Understanding the Chinese culture within which the operas are embedded has been the greatest challenge for Katie Bolding. Luckily, The White Haired Girl has an uncanny connection with Bai Yuelan’s life. “Taking to this role” became easier.

She lived with her mother from an early age, far away from his father and three brothers. “When I am playing the part of Xi’er, I feel I am her. Her mental suffering is the result of losing all her family and friends.”

From her perspective: though languages differ, loneliness is a commonly shared problem that has existed for thousands of years. “Therefore, I don’t think this role is too difficult to understand. However, I need to learn more. I had to learn gestures and pronunciation so that the audience would be convinced that I am a Chinese girl.”

Her “farther” Valdis Jansons who played the part of Yang Bailao employed empathy to make up for his more limited life experience, “Though I have not gone through the pain experienced by Yang Bailao, a man who does not know how to save his daughter, I have experienced great frustration.”

His performance was also often influenced and inspired by the artistic expression of opera. “The White Haired Girl seems to be influenced by the Soviet Union. The characters’ emotions are expressed wildly: for this reason I love the opera very much.”

The Canadian youth singer Thomas Glenn played the part of Yang Zirong in Taking Tiger Mountain by Strategy. In America, the 80% of people on his block are ethnically Chinese or overseas Chinese. He has many Chinese friends. However, having come to China in person, he has gained a more in-depth knowledge of Chinese culture.

He ran into difficulties whilst singing the selection “Spring Bringing Us a New World” of the Taking Tiger Mountain by Strategy. “The pitch of Peking Opera is very high and demanding on performers’ overall performance. Moreover, every teacher has different ways of teaching the vocal ornamentation. This differs from Western operas which are required to be sung in accordance with the notation of musical scores.”

The world-famous documentary director Mr. Allan Miller was in charge of a special documentary about “I Sing Beijing”. In his view, “Exchanges between China and the West are confined to the fields of politics, economics, science and technology. The great achievement of ‘I Sing Beijing’ lies in the fact that it enables artists to try the others’ language and artistic thought, thus gaining a real understanding of each other and overcoming barriers to communication.”

Ambition

Spreading a richer China through the sound of songs

“I Sing Beijing” is the creation of bass Tian Haojiang. As one of the first generation of Chinese vocalists to go global, Tian Haojiang has worked for the Metropolitan Opera in the USA for 19 years. He is remains active on the stages of mainstream American opera.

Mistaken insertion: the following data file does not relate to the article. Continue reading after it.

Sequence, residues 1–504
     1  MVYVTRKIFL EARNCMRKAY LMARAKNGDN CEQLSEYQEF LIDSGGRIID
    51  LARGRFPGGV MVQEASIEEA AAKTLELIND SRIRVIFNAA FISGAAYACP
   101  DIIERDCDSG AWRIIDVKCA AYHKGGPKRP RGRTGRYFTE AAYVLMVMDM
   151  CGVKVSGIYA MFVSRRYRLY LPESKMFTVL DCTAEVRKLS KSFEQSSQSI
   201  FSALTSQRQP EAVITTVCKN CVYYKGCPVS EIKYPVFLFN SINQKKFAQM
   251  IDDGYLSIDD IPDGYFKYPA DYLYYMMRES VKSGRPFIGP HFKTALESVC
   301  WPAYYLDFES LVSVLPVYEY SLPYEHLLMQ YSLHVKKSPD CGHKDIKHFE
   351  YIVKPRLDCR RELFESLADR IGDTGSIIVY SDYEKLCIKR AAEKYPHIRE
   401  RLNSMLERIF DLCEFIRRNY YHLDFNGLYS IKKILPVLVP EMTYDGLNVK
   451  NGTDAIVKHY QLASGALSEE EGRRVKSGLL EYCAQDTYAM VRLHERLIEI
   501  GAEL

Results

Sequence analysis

“28 years ago, Chinese opera was developing very slowly. I had to go to the West to learn different language and cultures in order to sing opera well. However, the situation has now totally changed. The West focuses greater attention upon Chinese opera. It’s time for Western singers to learn to sing in Chinese now.”

Tian Haojiang’s confidence is rooted in his experience in cross-cultural communication in music and the performance of original modern Chinese operas such as The First Qin Emperor and Poet Li Bai etc. on the international stage. From the yangko opera Husbands and Wives Learn to Read performed in the 1940s to the latest opera of Das Waisenkind performed at the National Centre for the Performing Arts, Tian Haojiang has drawn upon material from the operas most representative of different periods of Chinese modern opera and put them on stage together with Western operas. This has allowed audiences an intuitive experience through comparative appreciation of Chinese and Western opera.

“Music is the most effective, sustainable and influential means of cultural communication.” Tian Haojiang hopes to break the stereotype that limit Chinese culture to being one of cuisine and martial arts by means of introducing operas. Making Chinese the language primarily sung in mainstream opera globally is Tian Haojiang’s dream. “Many students have said that they will continue to learn Chinese. These few words have been a source of gratification.”

In accordance with the ideas conceived by Xu Lin, Director-General of Hanban, I Sing Beijing’s final achievements will be evident when international youth vocalists, put a series of original Chinese classical operas on the world’s musical stage, performing vivid and colorful Chinese operas in Chinese as the messengers of cultural exchange between China and the West. They will provide friends in various countries with a unique audio-visual sensation and further stimulate and propel their enthusiasm for learning Chinese language and learning about Chinese culture.

According to Katie Bolding’s plans, another visit to China is no doubt on the cards. She is planning to give a concert in China with several foreign singers, “singing Chinese songs”.

Photography by Liang Changjie, reporter from People's Daily

Picture designed by Cai Huawei